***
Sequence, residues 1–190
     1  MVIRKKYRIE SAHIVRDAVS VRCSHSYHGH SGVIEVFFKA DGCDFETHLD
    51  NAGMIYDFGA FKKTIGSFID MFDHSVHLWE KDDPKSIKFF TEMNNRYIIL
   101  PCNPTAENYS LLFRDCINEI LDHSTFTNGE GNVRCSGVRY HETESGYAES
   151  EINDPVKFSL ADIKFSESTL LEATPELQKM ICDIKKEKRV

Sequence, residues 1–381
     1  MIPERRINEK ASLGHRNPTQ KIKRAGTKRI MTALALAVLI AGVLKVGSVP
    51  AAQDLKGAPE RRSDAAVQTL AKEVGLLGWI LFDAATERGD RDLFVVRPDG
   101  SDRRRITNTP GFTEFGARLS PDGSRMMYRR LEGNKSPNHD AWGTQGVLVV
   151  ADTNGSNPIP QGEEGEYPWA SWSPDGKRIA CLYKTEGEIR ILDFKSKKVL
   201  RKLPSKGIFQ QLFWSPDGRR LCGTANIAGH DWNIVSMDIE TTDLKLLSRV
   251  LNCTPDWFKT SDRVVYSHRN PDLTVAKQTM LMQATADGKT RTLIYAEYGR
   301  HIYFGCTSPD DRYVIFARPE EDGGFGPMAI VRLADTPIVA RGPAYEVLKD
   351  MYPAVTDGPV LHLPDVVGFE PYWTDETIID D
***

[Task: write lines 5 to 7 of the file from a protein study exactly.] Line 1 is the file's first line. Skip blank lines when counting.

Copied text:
   151  EINDPVKFSL ADIKFSESTL LEATPELQKM ICDIKKEKRV

Sequence, residues 1–381
     1  MIPERRINEK ASLGHRNPTQ KIKRAGTKRI MTALALAVLI AGVLKVGSVP